Where the Books Grew Wild – Alexis Maze

The books grew wild here. Untamed. You only needed to look out the window to see the various species dotting the landscape. The beautiful, delicate petals of poetry, the tall sturdy trunks of nonfiction, the sprawling bushes of romance, the reaching vines of sci-fi, the looping rows of fantasy. And within each genre would bloom new colors, new shapes: always growing, always changing. There was a time when you couldn’t look across the meadow without seeing thousands of words sprouting up in every unlikely place.

         The funny thing with such wild growth, of course, is you could never control what they say. One day’s harvest may tell you the best way to think and be. You read the crop and think you have it all figured out just to pick one tomorrow that says just the opposite.

         And of course, that’s why people like me like them: because they’re unpredictable and chaotic and you are forced to think differently with every book you harvest.

And naturally, that’s why people like them hate them: because they’re unpredictable and chaotic and you are forced to think differently with every book you harvest.

And that was part of life. Some people felt compelled to make careers out of cultivating and harvesting these wild books. And some people felt the next to weed every little short story out of their own yard until it was bare.

Like most wild things, you can always expect that there will be some who love it and some who hate it just as much.

But I didn’t expect them to try to change it.

I’m old now. There are not many left who still remember what it looked like when our meadows were wild and alive with literature. When the hills bloomed with hundreds of different stories, each telling something entirely new. I still have a picture of it, at the time when these stories were allowed to grow in all their glory. When I show this treasure to my child and their children, I wonder if the image in my hand looks as foreign to them as the view from my window looks to me. Straight rows of crops, separated by species, organized, cultivated, domesticated, until they all say pre-approved messages. Gone are the days of wild growth. Gone are the times when the plants decided what they wanted to bloom, and it was up to us to decide what we wanted to think. Now everyone reads the same crops, talks of the same issues, and forms the same opinions.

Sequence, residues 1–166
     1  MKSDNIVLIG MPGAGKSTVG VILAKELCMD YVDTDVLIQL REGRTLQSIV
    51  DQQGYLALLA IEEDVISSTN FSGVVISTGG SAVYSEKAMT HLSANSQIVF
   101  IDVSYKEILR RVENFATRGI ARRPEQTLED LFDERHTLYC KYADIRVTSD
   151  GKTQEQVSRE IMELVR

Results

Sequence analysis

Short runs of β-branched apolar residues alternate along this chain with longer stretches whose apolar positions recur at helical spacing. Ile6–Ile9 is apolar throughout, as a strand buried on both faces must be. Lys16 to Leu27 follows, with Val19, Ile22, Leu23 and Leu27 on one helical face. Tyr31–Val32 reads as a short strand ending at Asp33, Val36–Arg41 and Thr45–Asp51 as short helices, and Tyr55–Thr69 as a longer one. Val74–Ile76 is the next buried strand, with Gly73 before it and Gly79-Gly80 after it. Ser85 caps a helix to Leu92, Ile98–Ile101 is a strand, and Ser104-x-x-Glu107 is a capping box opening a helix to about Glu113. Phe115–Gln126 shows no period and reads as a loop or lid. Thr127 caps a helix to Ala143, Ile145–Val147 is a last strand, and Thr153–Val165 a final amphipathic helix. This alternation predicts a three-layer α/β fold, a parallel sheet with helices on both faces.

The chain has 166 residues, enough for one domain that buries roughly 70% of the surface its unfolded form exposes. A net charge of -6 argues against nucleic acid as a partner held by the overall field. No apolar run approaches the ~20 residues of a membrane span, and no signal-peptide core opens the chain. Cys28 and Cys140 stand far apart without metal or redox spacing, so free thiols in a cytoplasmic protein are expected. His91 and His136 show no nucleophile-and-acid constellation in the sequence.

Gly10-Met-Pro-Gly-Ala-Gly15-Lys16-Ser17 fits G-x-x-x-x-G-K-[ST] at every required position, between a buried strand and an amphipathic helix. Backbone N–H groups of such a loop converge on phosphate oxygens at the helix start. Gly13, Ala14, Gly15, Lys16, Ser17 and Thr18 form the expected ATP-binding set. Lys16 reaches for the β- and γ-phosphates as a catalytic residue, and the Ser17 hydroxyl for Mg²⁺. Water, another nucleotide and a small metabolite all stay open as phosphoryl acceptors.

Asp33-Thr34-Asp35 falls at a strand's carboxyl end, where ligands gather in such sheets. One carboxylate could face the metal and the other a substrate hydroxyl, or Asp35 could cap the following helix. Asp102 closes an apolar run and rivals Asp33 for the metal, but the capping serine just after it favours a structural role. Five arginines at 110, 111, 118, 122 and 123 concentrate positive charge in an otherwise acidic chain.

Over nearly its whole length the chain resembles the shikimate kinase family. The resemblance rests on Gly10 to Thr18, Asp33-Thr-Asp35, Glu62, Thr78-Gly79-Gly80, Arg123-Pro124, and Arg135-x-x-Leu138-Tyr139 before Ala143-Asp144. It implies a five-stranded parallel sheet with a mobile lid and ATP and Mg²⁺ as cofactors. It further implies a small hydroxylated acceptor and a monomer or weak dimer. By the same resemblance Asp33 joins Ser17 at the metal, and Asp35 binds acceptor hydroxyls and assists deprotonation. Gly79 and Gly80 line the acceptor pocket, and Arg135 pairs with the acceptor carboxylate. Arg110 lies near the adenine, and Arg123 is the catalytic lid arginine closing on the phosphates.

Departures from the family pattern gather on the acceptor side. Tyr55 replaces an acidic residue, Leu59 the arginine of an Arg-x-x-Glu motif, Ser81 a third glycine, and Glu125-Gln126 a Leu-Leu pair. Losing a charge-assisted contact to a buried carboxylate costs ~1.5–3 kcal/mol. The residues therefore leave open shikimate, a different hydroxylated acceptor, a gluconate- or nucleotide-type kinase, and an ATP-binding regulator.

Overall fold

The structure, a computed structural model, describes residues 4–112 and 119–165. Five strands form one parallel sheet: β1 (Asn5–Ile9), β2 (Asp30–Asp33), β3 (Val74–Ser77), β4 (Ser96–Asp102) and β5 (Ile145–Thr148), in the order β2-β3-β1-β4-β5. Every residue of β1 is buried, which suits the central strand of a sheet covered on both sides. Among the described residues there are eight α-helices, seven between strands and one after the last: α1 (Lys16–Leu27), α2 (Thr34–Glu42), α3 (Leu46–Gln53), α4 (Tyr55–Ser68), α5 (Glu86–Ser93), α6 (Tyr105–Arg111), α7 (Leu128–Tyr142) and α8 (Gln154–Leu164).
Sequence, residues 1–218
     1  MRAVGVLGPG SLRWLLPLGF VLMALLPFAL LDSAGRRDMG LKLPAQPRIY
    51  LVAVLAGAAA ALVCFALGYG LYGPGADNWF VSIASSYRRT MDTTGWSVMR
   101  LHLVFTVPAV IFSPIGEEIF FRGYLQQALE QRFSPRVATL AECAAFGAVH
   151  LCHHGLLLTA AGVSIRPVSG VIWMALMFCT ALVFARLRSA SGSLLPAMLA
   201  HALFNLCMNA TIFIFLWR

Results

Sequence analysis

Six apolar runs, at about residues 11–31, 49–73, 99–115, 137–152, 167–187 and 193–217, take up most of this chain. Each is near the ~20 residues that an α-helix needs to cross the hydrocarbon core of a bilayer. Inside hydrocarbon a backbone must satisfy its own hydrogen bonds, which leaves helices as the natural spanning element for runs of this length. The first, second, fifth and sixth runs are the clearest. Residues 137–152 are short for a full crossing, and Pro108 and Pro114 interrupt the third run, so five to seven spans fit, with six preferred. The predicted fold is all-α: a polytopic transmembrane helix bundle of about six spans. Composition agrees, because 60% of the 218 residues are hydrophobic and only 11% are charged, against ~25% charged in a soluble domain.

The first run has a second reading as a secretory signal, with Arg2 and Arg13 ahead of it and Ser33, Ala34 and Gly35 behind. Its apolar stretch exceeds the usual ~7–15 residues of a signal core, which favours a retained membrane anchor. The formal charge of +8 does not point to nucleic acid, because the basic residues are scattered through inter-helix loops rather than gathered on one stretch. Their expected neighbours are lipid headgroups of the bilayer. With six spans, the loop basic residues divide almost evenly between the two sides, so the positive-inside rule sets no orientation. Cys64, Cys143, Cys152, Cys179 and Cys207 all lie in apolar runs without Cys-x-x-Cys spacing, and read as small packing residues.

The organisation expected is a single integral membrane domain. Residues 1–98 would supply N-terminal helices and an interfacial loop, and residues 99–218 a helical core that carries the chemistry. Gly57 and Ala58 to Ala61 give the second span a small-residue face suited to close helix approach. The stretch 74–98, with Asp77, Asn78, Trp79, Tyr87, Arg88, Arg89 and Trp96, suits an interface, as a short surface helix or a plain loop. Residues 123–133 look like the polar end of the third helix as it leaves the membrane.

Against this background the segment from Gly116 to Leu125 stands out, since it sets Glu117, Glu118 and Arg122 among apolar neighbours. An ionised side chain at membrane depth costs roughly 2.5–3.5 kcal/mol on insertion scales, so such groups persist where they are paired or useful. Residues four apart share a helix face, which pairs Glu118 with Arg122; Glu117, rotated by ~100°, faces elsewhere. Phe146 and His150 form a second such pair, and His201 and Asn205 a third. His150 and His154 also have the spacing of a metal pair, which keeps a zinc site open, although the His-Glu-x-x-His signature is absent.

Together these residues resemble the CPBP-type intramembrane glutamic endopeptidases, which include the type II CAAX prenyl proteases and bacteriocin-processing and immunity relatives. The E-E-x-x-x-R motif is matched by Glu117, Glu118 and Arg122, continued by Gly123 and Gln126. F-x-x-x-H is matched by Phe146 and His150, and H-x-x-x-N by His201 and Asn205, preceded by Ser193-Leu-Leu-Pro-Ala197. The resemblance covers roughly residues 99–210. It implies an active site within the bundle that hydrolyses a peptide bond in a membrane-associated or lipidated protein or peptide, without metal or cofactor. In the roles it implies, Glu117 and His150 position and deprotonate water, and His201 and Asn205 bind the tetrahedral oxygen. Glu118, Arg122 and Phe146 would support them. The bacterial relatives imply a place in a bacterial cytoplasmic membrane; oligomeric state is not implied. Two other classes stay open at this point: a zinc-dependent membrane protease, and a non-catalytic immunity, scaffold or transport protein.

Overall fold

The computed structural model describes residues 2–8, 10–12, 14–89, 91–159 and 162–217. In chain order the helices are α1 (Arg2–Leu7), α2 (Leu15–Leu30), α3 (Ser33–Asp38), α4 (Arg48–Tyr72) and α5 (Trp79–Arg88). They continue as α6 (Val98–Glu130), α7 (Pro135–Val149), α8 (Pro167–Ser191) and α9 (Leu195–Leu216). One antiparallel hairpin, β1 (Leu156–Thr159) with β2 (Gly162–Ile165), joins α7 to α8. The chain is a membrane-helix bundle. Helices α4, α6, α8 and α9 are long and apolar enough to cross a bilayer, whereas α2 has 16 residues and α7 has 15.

It’s a shame.

I tried to fight it – of course. Many of us did. But fear works stronger than reason to sway opinion. Somehow, they managed to brand the books as dangerous. They told our community that the wild ones weren’t safe for children, that they could never be such if one was sweet with knowledge or poison. They pointed to the kids who would spew strange ideas, saying they had been tainted. Never mind the fact kids always come up with the oddest thoughts. Books or no books – there is never sound reason inside a child’s imagination. But that’s how it must be, so that they may wander through life always exploring, learning, and growing.

But sound reason soon left the minds of the adults as well. Like a disease spreading silently through the town, more and more became infected. Slowly parents stopped letting their children run free in the fields. They forbade them to read anything but the books they cultivated in their own gardens, presuming these to be the only ones that were safe. The wild books grew even more untamed as more and more people stopped harvesting.

Soon enough, cultivation and domestication were on everyone’s minds. And no one would say it was about control. Or that the books too easily spread ideas that certain people didn’t like. No. No one would admit to that. It was about the children. For their safety that this atrocity needed to be done.

And so, they cheered when the meadow was burned, then dug up into neat little fields with order and precision and control. Pre-Approved messages. No surprises. Books that told the “right” ideas.

         There are few of us wild lovers left, lost to time. The new generation keeps being born into this reality; they do not even know enough to mourn what they are missing. I too can feel myself growing weary, and I fear how quickly the wilds may be forgotten.

         But alas, age has not softened my stubbornness, and even with these withered old hands, I might still cause mischief yet.

         “Grandma, what are you thinking about?”